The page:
Official Department of Education data shows for the 2016-17 financial year, 62,233 families reached the $7500 Child Care Rebate cap up from 51,138 families in 2015-16 - a 21.6 per cent increase. However, once tax returns are reconciled the department projects 94,000 families would have hit the cap for the 2016/17 FY and have been paying the full childcare cost out of pocket.

Nicole Lessio, acting executive director of The Parenthood, said childcare costs were pushing parents to "breaking point".

"We should be investigating all options to make it more affordable including enabling fees to be salary sacrificed or used as tax deductions," Ms Lessio said.

John Cherry, advocacy manager at Goodstart Early Learning - Australia's largest childcare provider - said childcare was much more expensive than it should be because of under investment by the government.

"We think early learning was the missing chapter of Gonski," Mr Cherry said.

"The 22 per cent of children who don't get good access to early learning because of cost restrictions are the same 22 per cent that start behind in their schooling, that get lower NAPLAN scores, that struggle in high school and that don't get a job later on in life. It's that serious."


A Sydney mum said the changes to childcare will make her family worse off and she cried when they were announced.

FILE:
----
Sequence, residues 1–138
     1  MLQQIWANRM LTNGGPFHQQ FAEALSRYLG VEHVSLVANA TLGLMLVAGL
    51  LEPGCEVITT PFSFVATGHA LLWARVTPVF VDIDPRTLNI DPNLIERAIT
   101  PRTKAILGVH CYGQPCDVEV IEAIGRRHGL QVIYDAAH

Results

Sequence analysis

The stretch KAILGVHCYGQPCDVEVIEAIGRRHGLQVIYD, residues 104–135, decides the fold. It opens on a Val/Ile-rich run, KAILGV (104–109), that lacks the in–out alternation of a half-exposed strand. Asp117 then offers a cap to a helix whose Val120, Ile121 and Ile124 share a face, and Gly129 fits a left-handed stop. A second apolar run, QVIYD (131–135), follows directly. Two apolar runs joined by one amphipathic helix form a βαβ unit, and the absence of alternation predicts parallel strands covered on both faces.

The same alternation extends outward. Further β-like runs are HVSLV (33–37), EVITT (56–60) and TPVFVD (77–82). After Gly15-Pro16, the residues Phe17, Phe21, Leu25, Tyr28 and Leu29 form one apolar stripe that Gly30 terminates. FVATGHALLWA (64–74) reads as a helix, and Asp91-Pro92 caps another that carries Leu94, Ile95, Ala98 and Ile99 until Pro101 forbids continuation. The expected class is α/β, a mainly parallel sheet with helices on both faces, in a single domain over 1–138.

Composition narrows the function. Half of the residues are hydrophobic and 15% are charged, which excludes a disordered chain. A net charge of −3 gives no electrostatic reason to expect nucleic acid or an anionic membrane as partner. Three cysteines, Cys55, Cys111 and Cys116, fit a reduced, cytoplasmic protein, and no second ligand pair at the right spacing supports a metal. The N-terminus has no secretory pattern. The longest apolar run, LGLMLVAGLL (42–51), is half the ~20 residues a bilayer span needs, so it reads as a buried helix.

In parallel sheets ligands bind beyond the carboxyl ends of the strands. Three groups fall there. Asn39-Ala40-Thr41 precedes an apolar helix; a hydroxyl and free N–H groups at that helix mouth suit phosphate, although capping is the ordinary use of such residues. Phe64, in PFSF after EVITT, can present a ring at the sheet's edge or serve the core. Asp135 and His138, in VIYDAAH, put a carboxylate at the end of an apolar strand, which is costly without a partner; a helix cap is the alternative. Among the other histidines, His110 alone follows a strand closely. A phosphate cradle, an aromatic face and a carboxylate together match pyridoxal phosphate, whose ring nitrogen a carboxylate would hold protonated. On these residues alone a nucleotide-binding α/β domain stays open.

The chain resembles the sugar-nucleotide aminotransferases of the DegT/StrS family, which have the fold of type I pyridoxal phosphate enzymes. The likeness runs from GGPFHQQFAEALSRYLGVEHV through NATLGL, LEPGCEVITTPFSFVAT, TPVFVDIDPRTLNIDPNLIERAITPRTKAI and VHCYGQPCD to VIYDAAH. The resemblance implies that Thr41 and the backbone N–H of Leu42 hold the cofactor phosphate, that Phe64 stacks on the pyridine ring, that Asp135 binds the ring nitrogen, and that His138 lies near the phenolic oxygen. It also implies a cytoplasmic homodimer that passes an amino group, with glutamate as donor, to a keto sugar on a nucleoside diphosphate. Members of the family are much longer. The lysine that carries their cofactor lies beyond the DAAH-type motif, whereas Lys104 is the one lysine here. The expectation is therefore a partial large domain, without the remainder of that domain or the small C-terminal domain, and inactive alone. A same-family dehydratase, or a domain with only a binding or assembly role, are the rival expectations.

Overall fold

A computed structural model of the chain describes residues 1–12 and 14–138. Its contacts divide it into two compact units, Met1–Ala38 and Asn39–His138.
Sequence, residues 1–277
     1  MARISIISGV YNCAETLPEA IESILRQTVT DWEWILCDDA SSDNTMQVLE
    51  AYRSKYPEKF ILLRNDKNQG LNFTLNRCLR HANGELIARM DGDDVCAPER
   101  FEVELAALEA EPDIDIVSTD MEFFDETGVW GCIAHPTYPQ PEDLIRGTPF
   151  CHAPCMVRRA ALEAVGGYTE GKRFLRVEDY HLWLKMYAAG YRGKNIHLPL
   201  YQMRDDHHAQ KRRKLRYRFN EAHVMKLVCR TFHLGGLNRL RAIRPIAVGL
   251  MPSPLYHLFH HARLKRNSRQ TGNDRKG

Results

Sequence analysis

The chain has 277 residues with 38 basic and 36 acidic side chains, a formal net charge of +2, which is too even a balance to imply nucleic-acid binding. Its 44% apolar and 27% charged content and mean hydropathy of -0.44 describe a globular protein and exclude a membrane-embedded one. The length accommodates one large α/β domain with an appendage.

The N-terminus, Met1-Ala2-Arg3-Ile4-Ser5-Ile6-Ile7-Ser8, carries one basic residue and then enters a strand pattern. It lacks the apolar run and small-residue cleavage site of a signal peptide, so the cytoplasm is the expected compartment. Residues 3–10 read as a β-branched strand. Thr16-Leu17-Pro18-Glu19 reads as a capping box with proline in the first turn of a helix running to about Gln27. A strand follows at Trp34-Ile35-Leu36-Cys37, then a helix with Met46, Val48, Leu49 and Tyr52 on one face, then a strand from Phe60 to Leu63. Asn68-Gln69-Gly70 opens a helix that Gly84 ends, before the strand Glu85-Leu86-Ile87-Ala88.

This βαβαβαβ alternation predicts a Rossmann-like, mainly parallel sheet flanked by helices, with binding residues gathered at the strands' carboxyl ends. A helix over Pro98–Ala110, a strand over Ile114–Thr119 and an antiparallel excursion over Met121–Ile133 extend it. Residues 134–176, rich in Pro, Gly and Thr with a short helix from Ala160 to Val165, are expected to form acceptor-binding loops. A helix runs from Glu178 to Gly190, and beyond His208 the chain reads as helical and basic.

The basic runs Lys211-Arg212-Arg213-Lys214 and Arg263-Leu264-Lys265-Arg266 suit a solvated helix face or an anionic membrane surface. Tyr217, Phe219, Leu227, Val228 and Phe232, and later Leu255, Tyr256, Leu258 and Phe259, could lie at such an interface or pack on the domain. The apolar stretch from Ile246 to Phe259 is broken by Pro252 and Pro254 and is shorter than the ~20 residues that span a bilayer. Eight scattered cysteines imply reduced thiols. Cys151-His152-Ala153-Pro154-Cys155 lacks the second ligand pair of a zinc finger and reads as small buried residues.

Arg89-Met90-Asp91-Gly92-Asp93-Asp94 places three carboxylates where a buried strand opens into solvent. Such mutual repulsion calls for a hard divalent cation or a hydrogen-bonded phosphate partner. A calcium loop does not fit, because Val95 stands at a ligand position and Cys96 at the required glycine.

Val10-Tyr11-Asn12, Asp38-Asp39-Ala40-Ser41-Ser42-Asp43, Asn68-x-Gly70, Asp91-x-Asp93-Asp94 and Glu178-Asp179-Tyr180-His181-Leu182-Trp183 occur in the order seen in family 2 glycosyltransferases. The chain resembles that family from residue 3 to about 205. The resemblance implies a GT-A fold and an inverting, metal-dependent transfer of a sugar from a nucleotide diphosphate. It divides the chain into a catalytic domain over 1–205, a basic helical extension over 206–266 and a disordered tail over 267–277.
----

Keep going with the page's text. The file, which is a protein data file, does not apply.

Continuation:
"Yes, we have a high household taxable income. About $350,000 - $100,00 is my salary, as a working mother. After tax and $60,000 in childcare, I'll be working 50 hours a week to bring home about $14,000 per year.

"My partner has a base of $150,000 and $100,000 is a performance-based bonus. Of this bonus, if he gets one each year, 50 per cent of that is paid in shares that cannot be touched for 2 years. But it all counts as income and puts us over the threshold.

"We pay a lot in tax yet will get absolutely nothing back to offset the time we spend away from our children.

"We aren't wanting more than what we budgeted for under the existing rebates. Had we known these changes were coming, we would never have had children. It's that serious.

"We don't live a lavish lifestyle at all. We simply survive. Now that's sad."

A mother from Brisbane said she couldn't afford to work full-time and believed childcare costs were holding back her career.

"I originally didn't think childcare costs were too high, but when I factored in going back to full time work, then later adding a second child in care and reaching the rebate cap, I realised it's crazy.

"So I work part-time. And my husband's career? It can just go from strength to strength."

Staying home to look after the kids is a financial imperative for a Melbourne mum, who said her family couldn't afford childcare.

"I know of families who have decided to have mum stay home to look after the children and unfortunately these women are kept out of the workforce for between six to eight years.

"They then have to ready themselves to look for a job, which would not be easy. These are accomplished women who made what seems to be the career-fatal error of having children."

-reprinted from The Daily Telegraph